Sometimes, in fact, too often, someone has trekked too far into the bush. Then the sound crackles all day and night, especially at night because the choppers have infra red, heat sensitive lights that only work in the dark, although I’m not sure how they distinguish between a large wombat, for example and a small bush walker, someone from a country whose residents are mostly small, like … I don’t really know but I’m thinking of the difference between a large wombat and a smallish, adult person and it is not much.

Anyway, I am sure they know what they are doing. I mean, it would be a surprise for a wombat to find itself winched to safety in the middle of the night when it was only out picking berries, for example.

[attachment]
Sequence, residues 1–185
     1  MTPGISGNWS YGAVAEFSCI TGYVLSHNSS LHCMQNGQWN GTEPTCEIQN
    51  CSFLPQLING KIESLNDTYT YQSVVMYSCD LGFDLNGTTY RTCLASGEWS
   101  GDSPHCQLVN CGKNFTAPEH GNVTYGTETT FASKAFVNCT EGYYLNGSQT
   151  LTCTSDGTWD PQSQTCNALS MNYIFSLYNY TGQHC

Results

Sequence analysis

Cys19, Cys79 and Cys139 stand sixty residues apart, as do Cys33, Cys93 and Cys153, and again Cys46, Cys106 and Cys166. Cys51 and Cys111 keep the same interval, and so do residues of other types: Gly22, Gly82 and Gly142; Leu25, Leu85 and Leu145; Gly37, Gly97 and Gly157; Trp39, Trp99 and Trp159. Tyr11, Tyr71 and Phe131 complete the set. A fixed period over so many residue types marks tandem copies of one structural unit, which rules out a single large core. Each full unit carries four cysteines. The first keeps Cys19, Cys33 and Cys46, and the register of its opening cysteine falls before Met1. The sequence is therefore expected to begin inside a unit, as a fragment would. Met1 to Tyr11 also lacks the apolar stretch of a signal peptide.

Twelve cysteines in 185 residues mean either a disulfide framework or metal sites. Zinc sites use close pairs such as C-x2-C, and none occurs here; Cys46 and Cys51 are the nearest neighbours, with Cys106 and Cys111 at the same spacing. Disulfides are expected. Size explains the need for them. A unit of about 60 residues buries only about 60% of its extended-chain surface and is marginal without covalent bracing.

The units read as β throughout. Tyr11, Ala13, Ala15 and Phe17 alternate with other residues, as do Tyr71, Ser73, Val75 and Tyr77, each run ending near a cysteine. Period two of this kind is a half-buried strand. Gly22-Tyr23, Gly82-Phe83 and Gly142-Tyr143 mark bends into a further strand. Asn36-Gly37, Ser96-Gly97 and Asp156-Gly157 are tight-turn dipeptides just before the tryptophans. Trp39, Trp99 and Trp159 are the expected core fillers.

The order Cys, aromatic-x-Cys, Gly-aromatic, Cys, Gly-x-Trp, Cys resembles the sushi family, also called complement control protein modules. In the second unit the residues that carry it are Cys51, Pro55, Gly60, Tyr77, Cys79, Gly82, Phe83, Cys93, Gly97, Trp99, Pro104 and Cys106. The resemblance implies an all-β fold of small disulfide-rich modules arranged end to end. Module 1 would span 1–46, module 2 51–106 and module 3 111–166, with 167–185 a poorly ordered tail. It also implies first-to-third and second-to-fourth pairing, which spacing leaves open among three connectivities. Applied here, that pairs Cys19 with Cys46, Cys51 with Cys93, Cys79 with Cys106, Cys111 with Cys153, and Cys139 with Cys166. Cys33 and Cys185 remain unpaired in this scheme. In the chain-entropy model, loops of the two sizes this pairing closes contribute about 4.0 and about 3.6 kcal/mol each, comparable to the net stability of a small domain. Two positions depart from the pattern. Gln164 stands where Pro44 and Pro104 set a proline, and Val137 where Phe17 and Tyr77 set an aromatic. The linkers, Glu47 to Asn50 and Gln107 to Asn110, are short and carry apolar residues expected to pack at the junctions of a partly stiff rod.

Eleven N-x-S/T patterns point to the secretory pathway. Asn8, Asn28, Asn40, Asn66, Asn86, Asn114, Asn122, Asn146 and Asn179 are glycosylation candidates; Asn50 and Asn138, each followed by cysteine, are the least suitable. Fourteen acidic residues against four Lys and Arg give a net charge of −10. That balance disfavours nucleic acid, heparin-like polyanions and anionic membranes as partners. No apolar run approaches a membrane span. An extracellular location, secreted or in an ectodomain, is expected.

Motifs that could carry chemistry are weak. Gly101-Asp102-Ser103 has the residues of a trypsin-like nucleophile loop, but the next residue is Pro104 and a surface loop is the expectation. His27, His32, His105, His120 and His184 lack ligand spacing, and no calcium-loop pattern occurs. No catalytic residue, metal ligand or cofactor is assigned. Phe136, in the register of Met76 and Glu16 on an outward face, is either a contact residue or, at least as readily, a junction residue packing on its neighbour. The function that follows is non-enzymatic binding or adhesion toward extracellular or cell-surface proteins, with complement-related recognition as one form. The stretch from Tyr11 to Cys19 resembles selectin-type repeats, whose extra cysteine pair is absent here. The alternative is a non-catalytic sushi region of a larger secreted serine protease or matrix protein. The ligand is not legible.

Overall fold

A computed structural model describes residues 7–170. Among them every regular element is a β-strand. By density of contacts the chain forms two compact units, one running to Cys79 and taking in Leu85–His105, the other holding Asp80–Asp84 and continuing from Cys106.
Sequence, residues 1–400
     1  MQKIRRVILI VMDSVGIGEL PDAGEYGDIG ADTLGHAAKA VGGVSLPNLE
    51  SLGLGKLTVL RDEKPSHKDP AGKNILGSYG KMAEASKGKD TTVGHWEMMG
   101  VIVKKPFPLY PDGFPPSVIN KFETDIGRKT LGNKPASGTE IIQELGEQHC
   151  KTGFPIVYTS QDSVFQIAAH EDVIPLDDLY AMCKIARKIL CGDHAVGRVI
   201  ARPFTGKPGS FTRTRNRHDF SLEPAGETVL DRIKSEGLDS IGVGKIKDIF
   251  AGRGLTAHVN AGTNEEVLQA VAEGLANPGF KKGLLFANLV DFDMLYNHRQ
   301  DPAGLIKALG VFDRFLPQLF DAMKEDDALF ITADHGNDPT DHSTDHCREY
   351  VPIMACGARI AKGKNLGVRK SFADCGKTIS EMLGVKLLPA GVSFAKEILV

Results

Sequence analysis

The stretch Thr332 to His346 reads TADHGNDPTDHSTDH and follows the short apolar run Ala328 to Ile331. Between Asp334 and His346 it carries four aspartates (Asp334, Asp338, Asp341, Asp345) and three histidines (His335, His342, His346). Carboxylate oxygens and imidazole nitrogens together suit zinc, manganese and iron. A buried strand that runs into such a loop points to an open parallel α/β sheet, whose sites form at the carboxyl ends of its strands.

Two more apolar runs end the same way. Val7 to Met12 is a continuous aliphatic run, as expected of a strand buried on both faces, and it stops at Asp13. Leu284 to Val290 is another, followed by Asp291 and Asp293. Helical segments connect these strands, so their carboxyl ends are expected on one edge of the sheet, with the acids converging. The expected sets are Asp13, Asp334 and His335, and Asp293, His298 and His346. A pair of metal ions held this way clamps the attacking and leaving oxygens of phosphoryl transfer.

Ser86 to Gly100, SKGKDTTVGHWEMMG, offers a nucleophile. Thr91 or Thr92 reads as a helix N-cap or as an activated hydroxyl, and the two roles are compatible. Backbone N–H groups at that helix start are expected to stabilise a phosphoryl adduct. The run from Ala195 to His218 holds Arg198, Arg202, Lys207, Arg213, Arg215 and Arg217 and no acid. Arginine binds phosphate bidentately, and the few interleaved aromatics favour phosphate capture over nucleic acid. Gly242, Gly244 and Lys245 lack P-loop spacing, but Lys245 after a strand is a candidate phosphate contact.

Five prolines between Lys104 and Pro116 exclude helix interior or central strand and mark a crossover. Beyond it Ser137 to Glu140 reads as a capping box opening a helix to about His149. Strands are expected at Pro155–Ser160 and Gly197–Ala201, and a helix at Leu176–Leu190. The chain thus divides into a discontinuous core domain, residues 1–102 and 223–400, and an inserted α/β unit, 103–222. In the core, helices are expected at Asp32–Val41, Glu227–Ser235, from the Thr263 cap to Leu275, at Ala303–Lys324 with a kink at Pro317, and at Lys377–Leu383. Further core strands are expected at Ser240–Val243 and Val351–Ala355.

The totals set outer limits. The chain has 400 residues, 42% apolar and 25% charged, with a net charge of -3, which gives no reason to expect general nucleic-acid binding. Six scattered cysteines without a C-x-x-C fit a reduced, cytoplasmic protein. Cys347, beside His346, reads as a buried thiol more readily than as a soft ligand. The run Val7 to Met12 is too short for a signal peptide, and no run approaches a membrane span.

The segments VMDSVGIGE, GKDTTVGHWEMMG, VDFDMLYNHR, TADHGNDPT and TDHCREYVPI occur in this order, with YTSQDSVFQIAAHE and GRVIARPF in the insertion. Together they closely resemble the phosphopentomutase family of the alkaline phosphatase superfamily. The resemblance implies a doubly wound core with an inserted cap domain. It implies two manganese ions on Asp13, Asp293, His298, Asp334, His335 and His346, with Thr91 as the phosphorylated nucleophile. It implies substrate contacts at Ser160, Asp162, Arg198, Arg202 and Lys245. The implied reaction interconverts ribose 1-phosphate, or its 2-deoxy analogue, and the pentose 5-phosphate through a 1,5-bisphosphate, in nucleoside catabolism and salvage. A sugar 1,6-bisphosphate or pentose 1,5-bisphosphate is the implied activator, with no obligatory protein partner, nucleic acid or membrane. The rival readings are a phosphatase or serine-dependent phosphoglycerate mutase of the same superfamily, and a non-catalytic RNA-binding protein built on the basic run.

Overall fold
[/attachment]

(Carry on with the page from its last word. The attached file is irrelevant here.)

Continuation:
In that case, you have to wonder whether any of these examples are worth it, but I’m sure the training is not wasted.

When the sound is at crescendo, you go to sleep with it – brrr, chop, grunt, grunt, grunt – you wake up to it. “Have they found them yet?” you wonder. It must be agony for the loved ones.

Sometimes, the same noise is merely your partner.

Today, however, the helicopters are here for a small miracle: the Dali Lama is here. The real one, the one with the giggle. Almost unbelievably although it is true.

Last night, we all slept under the same blanket of stars, a small blanket, particular to our street and a few others, more a like rug. I’m sorry for sounding so exclusive but I’m trying to lap up the fact that the Dali Lama is here, not only here but five streets from our house, five hundred paces from the letter box.